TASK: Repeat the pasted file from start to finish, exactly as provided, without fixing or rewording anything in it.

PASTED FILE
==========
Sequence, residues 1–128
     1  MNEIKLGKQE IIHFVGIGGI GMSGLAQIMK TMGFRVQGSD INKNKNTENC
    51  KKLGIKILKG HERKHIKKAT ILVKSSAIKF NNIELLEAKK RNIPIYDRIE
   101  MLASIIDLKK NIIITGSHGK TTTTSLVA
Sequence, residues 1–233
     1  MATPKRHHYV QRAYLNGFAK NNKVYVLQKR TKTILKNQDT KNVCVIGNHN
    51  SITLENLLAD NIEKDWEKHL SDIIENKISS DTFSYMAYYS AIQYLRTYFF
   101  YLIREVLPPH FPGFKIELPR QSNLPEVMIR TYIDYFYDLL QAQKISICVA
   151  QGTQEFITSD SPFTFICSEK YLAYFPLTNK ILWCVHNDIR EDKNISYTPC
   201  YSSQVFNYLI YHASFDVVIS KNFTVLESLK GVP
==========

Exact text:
Sequence, residues 1–128
     1  MNEIKLGKQE IIHFVGIGGI GMSGLAQIMK TMGFRVQGSD INKNKNTENC
    51  KKLGIKILKG HERKHIKKAT ILVKSSAIKF NNIELLEAKK RNIPIYDRIE
   101  MLASIIDLKK NIIITGSHGK TTTTSLVA
Sequence, residues 1–233
     1  MATPKRHHYV QRAYLNGFAK NNKVYVLQKR TKTILKNQDT KNVCVIGNHN
    51  SITLENLLAD NIEKDWEKHL SDIIENKISS DTFSYMAYYS AIQYLRTYFF
   101  YLIREVLPPH FPGFKIELPR QSNLPEVMIR TYIDYFYDLL QAQKISICVA
   151  QGTQEFITSD SPFTFICSEK YLAYFPLTNK ILWCVHNDIR EDKNISYTPC
   201  YSSQVFNYLI YHASFDVVIS KNFTVLESLK GVP